It was a huge expense, flying employees in from all over the world, housing and feeding us for three days. So, as all corporations do, in order to justify the cost our days were crammed with meetings and presentations.

Most of them were tedious. Except for one. I arrived for it 15 minutes late and hungover and it was the only corporate presentation I’ve ever wished I arrived early so I could have witnessed the whole thing.

The speaker, Tim Sanders, was a new employee from the recently acquired Broadcast.com. Hardly any of us knew him. But he stood out immediately because he dressed like a rock musician – long sideburns, modish haircut, clothes that looked vaguely corporate but with a rock star twist, like when The Beatles wore suits on stage.

He also stood out because the things he was presenting were, for the first time at the conference, genuinely insightful and interesting. He didn’t just recite from a piece of paper and drone on about revenue charts.

Further, his stage manner was effusive – he bounced around the stage, directing our attention this way and that. He pointed, he raised his voice, he slowed down, he paused. His story had twists and turns. We didn’t know where it would go next and hung on every word. I don’t know how many people were in the room, I’d guess 500-1,000, but he captivated all of us. Some in the audience were literally billionaires.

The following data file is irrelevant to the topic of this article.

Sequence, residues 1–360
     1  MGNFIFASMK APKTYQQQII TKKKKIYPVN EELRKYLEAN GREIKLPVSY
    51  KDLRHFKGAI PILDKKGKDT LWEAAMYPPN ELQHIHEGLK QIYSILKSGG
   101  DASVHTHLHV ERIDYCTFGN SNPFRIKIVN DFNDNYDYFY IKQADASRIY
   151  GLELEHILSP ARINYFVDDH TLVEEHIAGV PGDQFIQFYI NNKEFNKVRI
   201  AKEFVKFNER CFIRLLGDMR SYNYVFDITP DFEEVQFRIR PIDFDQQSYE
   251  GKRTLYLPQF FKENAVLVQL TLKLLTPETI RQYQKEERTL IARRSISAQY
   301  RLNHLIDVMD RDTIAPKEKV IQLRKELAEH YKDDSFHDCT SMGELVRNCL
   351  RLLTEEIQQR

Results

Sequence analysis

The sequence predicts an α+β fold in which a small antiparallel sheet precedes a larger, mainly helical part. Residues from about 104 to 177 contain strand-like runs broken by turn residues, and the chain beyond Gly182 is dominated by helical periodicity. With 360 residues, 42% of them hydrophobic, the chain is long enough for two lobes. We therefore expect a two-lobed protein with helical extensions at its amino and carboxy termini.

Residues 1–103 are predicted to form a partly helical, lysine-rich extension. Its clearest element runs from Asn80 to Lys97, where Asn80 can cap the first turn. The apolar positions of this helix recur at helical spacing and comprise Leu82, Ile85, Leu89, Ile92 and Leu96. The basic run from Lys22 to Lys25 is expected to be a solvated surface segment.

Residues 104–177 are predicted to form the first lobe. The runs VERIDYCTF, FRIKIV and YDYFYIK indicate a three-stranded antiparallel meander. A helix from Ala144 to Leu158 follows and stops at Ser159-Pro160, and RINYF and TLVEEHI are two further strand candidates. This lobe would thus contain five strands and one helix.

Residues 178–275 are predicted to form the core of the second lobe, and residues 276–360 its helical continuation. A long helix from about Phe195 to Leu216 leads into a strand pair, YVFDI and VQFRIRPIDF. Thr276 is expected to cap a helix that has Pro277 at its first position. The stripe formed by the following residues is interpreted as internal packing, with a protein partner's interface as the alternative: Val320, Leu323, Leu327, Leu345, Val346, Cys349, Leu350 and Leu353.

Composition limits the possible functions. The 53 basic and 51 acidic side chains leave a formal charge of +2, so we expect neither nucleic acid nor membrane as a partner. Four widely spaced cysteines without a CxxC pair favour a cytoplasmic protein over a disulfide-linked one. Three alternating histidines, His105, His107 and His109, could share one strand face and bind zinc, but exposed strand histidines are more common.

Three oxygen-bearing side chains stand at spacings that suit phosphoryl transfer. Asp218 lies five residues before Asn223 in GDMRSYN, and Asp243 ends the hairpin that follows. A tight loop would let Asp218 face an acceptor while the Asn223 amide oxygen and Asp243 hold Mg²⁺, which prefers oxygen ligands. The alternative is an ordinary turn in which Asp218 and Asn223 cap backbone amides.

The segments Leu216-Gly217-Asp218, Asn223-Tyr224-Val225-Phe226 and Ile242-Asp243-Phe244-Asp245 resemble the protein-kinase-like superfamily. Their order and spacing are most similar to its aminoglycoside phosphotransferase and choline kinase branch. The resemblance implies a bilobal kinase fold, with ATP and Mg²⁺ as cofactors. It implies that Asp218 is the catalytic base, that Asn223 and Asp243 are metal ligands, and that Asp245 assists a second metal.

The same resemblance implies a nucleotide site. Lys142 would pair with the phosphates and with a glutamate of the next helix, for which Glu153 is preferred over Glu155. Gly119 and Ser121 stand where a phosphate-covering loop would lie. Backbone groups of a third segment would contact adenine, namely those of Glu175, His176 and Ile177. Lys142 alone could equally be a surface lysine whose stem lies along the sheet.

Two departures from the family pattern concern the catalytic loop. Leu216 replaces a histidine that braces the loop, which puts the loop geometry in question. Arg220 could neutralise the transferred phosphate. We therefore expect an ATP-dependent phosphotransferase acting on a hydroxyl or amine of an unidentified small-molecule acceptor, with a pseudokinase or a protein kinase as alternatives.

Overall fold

This speech happened early in the conference and he was the talk of it for the rest of our stay. You’d hear “Who is Tim Sanders?”, “What does he do here?” at lunch, dinner, and over drinks. I remember seeing him at the bar and everyone was trying to get in his face, all of the girls were cozying up to him.

A star was born. In a few months management created an entire department for him. The speech catapulted him from being an unknown newbie to managing a team that was well known to the execs. Apparently he honed his performance chops from playing in various types of bands so my tagging him with the “musician” label wasn’t far off. When he left Yahoo, he became a writer and professional public speaker. It is a good role for him.

I think about this story sometimes when I attend meetings. So many have been such clear time wasters. They consist of PowerPoint presentations thrown together minutes before the speech with bullet points that are dutifully recited by presenter. What is the point of that? We can already read the speech on the screen. There’s no reason to attend.

comparison1

The only thing I remember from 15 hours of meetings in Moscow

I once sat through fifteen hours of meetings at a department conference in Moscow. The only thing I remember was, “Dina used a really cool slide.” That’s a photo of it at right. It shows the difference between the coronation of Pope Benedict in 2005 and Pope Francis in 2013.

Fifteen hours, eight time zones away, and this is all I remember. Oh, one other thing I remember, the head of the department was so bored he was flipping through Facebook on his phone while people talked. Whether that was his bad or the presenters, I don’t know but it was not a good sign for anyone.